Todd, Robert J. (1993) Designing protein separations based on metal-affinity interactions. Dissertation (Ph.D.), California Institute of Technology. http://resolver.caltech.edu/CaltechETD:etd-11292007-090410
NOTE: Text or symbols not renderable in plain ASCII are indicated by [...]. Abstract is included in .pdf document.
Immobilized metal-affinity chromatography (IMAC) provides a technique to separate proteins based on their histidine multiplicity and microenvironment. A set of S. cerevisiae iso-l-cytochrome c variants which differed only in their histidine content and placement was used to study equilibrium binding and chromatographic retention on matrices of immobilized Cu(II) (TSK macroporous support). The structural integrity of the variants was verified by UV-visible absorbance and [...] NMR spectroscopy. Equilibrium binding studies indicate that a surface histidine is required in iso-l-cytochrome for interaction with a Cu(II)IDA (iminodiacetic acid) matrix. The apparent binding affinity of variants depends on the accessibility of the histidine side chains and on the total number of surface histidines. The overall equilibrium binding behavior is consistent with a model in which bound protein covers multiple copper sites on the matrix surface. Chromatographic studies on a Cu(II)IDA TSK column showed that a surface histidine is required for significant protein retention. It was also shown that proteins can be separated based on the microenvironment (accessibility or [...]) of a single surface accessible histidine or on the multiplicity of surface histidines and the order of retention in all cases correlated with the initial slope of the equilibrium binding isotherm. The effect of proton and imidazole competition on retention was also studied, and it was seen that simple equilibrium models, describing the interaction of a single-histidine protein with independent copper binding sites, are insufficient to account for the strong competitive behavior that is observed experimentally. The ability of IMAC to discriminate between proteins based on their histidine multiplicity and microenvironment provides a powerful dimension in protein separations.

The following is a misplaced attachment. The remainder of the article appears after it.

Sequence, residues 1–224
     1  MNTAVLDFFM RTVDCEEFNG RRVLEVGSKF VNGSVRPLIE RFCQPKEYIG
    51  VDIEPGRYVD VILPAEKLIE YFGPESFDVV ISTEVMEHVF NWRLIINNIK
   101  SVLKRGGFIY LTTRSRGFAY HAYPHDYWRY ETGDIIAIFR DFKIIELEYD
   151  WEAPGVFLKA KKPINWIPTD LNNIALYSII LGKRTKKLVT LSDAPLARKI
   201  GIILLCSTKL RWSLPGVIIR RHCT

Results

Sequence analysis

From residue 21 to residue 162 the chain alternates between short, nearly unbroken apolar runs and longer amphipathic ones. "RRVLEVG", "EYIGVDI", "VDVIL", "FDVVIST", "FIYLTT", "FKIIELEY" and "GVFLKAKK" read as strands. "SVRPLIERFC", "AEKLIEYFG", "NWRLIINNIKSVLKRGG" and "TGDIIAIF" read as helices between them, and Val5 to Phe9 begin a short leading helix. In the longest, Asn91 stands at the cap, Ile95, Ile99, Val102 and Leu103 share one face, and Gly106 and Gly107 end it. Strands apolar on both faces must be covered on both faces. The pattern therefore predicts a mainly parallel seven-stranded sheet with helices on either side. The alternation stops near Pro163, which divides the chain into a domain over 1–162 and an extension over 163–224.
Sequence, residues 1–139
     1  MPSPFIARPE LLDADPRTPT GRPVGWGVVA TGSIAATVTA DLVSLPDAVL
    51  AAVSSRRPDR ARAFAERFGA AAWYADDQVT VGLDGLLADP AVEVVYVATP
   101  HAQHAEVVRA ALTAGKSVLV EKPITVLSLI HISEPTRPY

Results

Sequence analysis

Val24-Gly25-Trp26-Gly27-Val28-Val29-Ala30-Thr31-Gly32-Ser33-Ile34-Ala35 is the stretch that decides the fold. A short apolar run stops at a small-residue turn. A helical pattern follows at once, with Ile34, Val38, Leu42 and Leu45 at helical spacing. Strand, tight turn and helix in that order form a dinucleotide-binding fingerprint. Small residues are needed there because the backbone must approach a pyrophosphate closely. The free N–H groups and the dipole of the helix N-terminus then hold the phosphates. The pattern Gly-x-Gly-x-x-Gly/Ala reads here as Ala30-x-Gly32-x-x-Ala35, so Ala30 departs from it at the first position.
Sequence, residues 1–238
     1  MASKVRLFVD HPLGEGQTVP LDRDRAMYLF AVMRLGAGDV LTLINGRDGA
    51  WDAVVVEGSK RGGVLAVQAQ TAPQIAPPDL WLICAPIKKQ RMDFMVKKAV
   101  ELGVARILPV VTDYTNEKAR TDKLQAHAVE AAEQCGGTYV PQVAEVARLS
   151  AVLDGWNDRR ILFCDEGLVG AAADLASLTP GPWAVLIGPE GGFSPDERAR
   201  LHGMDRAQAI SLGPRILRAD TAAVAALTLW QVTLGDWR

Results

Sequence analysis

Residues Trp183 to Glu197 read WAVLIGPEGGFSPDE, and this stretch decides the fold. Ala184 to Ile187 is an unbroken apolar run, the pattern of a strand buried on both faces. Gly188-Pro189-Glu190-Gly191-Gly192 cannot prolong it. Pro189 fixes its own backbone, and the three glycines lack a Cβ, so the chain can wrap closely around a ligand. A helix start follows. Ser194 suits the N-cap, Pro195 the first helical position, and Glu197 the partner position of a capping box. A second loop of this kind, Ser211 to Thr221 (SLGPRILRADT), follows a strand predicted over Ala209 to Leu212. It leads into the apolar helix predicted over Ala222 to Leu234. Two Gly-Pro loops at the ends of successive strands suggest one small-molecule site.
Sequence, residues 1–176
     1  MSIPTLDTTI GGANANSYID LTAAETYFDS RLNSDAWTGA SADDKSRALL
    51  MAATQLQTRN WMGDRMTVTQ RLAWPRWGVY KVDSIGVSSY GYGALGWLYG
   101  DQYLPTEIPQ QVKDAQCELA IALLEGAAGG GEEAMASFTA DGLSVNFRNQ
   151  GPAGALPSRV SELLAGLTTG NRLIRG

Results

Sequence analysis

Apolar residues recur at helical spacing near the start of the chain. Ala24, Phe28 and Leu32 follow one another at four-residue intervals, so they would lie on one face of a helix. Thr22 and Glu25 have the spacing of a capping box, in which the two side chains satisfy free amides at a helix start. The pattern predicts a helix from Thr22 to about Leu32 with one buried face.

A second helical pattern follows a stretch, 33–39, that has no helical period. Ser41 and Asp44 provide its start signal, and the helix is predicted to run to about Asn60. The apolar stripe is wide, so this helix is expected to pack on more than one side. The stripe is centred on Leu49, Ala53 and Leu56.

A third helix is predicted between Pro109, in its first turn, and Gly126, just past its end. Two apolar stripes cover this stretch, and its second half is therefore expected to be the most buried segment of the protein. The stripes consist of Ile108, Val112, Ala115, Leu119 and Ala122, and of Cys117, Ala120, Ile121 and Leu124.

The concept of engineering di-histidine metal-chelating sites into proteins for applications in purification and protein stabilization was investigated. A His-[...]-His site was engineered into the N-terminal [...]-helix of iso-l-cytochrome c at positions 4 and 8. A di-histidine site was also engineered across a small section of [...]-sheet structure at positions 39 and 58. Cu(II)IDA titrations of [...] NMR spectra show selective paramagnetic broadening of the C2 resonances of the chelating histidines. The His-[...]-His site at positions 4 an 8 binds Cu(II)IDA-PEG in solution 24 times stronger than a single histidine site and both metal-chelating variants have increased retention in a Cu(II) IMAC column relative to a non-chelating control protein. The engineered metal-chelating sites were also shown to stabilize the folded form of iso-1-cytochrome c in the presence of Cu(II)IDA by as much as 2.5 kcal/mol.
|Item Type:||Thesis (Dissertation (Ph.D.))|
|Degree Grantor:||California Institute of Technology|
|Division:||Chemistry and Chemical Engineering|
|Major Option:||Chemical Engineering|
|Thesis Availability:||Restricted to Caltech community only|
|Defense Date:||25 September 1992|
|Default Usage Policy:||No commercial reproduction, distribution, display or performance rights in this work are provided.|
|Deposited By:||Imported from ETD-db|
|Deposited On:||06 Dec 2007|
|Last Modified:||26 Dec 2012 03:11|
- Final Version
Restricted to Caltech community only
See Usage Policy.
Repository Staff Only: item control page